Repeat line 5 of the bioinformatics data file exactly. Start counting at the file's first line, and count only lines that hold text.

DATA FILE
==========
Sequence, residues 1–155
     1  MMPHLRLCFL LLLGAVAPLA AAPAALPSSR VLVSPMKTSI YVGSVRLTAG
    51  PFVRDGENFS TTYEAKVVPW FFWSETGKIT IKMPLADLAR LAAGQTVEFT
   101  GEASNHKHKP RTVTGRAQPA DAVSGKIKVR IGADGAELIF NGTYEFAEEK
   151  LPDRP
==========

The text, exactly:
   151  LPDRP